Musk is on the hook to pay $33.5 billion in cash to fund the deal after arranging debt financing to cover the rest. 

His liquidity is limited given that his wealth, which is pegged by Forbes at $218 billion, is largely tied to the shares of Tesla Inc, the electric car maker he leads.

Musk has been in discussions to arrange $2 billion to $3 billion in preferred equity financing from a group of private equity firms led by Apollo Global Management Inc that would further reduce his cash contribution, according to the sources. 

These conversations are now on hold until there is clarity about the future of the acquisition, one of the sources said.

The pause in financing activities offers the first clear sign that Musk’s threats are interfering with steps that would help complete the deal. 

Twitter has insisted thus far that Musk has been performing his obligation under their contract, including helping to secure regulatory approval for the deal.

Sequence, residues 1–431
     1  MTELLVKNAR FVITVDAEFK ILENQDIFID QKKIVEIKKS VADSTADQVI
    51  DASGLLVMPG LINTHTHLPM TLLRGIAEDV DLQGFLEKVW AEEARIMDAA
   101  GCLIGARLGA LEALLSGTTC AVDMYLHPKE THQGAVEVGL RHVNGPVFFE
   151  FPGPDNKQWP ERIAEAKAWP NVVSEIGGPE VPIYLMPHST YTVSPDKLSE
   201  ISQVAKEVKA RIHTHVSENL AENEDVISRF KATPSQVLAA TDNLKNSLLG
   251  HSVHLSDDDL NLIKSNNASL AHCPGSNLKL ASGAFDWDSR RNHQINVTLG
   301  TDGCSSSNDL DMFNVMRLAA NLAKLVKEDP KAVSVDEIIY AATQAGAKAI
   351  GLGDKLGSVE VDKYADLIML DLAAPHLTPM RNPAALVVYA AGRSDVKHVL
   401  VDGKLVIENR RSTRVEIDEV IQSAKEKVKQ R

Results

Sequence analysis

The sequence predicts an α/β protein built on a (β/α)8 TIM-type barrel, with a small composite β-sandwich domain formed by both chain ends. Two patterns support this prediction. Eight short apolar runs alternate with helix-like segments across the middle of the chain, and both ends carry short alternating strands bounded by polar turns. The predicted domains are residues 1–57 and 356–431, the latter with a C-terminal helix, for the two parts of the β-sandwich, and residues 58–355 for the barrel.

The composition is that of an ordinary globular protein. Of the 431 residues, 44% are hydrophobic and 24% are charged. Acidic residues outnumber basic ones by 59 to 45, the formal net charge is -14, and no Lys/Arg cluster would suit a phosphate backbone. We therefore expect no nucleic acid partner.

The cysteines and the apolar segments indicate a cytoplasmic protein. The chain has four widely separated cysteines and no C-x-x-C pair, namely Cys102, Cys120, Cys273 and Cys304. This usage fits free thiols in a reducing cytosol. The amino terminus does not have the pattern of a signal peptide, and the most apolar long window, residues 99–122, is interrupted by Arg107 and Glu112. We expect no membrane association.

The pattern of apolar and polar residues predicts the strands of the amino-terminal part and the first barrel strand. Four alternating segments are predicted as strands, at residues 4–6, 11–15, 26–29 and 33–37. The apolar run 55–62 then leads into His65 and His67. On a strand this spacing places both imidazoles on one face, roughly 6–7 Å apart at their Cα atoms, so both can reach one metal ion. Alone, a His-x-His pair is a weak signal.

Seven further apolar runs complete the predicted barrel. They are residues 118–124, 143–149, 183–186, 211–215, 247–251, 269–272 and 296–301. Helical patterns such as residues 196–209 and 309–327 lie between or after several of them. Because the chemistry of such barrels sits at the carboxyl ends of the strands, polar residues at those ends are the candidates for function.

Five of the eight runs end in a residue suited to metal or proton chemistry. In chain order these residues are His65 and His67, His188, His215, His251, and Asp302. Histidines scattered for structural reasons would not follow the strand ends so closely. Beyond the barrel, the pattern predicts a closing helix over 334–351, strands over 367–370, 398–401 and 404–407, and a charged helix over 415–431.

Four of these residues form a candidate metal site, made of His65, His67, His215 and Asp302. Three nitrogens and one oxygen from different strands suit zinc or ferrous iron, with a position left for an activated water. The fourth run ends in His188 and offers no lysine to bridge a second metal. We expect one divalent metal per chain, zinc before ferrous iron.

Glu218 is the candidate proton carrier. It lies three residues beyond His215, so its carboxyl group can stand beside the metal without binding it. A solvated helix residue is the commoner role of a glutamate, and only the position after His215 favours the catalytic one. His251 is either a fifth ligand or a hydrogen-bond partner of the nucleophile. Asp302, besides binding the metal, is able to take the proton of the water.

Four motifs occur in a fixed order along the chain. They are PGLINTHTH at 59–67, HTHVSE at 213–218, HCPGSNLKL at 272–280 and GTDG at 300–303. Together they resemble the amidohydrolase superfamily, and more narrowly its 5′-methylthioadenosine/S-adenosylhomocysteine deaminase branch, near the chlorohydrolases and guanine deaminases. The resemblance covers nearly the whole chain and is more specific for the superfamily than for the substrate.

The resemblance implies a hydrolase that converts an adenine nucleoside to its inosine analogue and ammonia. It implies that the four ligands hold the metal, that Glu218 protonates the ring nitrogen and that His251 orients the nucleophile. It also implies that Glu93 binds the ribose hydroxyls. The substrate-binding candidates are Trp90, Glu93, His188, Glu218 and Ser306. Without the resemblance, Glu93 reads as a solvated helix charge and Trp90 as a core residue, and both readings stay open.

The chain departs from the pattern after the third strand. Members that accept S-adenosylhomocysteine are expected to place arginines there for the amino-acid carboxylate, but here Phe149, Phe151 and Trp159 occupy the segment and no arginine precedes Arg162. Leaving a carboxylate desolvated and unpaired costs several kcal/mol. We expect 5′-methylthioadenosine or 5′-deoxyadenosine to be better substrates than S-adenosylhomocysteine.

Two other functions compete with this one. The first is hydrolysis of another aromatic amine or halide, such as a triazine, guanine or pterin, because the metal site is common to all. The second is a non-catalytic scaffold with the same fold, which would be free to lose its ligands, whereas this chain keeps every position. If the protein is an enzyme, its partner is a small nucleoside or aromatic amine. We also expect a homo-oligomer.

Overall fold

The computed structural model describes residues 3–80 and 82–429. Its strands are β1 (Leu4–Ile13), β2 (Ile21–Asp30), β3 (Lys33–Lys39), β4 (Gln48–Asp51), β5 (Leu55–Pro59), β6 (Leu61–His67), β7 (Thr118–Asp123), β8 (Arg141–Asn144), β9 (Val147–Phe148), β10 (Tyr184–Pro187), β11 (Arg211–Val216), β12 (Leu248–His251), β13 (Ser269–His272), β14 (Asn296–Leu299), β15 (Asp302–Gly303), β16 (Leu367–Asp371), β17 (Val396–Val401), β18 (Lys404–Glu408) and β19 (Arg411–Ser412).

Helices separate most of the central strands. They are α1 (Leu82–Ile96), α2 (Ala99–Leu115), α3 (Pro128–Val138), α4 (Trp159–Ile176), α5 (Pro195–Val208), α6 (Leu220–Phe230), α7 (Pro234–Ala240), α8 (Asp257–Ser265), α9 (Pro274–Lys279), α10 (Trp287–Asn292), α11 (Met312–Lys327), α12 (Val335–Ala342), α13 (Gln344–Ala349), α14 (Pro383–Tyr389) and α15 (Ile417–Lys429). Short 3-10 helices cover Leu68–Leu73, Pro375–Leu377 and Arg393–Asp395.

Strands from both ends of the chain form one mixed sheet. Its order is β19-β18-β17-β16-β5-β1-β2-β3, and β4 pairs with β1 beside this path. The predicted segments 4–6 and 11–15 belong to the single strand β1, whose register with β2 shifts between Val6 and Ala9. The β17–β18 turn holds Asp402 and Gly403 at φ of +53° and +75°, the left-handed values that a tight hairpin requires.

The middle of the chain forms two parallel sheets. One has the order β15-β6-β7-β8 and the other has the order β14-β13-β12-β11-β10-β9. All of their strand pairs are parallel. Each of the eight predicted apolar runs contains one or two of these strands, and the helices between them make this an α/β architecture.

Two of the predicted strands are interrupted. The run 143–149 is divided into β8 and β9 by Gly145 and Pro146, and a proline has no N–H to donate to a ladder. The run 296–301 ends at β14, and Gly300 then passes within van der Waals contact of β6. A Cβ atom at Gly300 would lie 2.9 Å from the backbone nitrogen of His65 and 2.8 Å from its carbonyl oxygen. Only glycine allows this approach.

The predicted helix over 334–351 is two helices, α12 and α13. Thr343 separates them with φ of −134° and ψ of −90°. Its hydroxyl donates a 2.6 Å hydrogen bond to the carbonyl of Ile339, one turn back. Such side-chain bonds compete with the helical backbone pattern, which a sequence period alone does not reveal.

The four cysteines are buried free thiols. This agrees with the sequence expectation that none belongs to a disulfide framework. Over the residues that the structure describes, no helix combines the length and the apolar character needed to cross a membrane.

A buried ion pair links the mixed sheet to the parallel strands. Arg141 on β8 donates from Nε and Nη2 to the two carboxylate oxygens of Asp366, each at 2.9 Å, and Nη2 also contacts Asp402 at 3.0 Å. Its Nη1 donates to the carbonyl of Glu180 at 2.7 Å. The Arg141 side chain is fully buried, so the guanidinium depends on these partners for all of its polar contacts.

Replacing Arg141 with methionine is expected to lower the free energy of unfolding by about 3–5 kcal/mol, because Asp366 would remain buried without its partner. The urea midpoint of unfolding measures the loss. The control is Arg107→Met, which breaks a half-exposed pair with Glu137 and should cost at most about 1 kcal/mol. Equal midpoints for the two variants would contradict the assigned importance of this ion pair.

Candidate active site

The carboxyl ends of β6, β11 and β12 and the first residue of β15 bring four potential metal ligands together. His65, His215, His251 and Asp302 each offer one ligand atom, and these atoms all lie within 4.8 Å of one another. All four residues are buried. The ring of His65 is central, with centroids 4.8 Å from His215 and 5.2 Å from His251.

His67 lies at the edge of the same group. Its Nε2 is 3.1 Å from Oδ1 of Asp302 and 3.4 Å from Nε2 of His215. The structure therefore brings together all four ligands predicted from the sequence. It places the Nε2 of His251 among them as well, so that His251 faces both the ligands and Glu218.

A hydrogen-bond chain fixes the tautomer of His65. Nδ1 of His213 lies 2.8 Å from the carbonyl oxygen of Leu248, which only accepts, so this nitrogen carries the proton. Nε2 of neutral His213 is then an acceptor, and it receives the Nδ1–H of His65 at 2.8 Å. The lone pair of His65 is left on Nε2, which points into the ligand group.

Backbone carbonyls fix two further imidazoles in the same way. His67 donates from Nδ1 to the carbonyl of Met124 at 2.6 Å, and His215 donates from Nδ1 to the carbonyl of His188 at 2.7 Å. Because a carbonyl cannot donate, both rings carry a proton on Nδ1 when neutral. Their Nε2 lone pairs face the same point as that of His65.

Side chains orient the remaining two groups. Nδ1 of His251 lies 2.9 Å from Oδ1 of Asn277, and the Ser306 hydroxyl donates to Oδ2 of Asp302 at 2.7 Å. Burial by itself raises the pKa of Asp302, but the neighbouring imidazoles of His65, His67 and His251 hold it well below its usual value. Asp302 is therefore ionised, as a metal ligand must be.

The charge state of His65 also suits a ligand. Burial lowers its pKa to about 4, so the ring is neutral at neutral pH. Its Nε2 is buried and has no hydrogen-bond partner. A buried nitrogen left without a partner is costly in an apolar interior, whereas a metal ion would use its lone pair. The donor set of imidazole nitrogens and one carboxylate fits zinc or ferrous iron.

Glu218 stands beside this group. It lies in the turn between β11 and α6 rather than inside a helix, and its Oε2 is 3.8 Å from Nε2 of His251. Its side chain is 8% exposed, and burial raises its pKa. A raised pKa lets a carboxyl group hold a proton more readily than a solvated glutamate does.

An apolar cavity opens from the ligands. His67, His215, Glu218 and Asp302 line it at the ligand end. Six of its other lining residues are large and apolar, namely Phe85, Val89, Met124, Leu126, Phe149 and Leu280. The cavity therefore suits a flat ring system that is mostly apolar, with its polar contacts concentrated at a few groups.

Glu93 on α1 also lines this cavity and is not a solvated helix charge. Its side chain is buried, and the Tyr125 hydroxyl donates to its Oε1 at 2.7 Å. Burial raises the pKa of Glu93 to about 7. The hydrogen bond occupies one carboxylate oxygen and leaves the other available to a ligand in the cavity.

Spokespersons for Musk and Twitter did not respond to requests for comment. 

Apollo declined to comment.

Musk sold $8.5 billion worth of Tesla shares in April after he signed his deal to buy Twitter, and it is not clear how much cash he has available to meet his obligation. 

He has raised $7.1 billion from a group of equity co-investors to reduce his contribution. 

Musk also sought to reduce this exposure further by arranging a risky $12.5 billion margin loan tied to the shares of Tesla, but then scrapped it last month.

Preferred equity would pay a fixed dividend from Twitter, in the same way that a bond or a loan pays regular interest but would appreciate in line with the equity value of the company.

The deal uncertainty has also weighed on the plans of banks to get $13 billion of debt they have committed to the acquisition off their books through syndication. 

While still preparing to syndicate the debt, the banks plan to wait until there is clarity on the deal to launch the process, the sources said.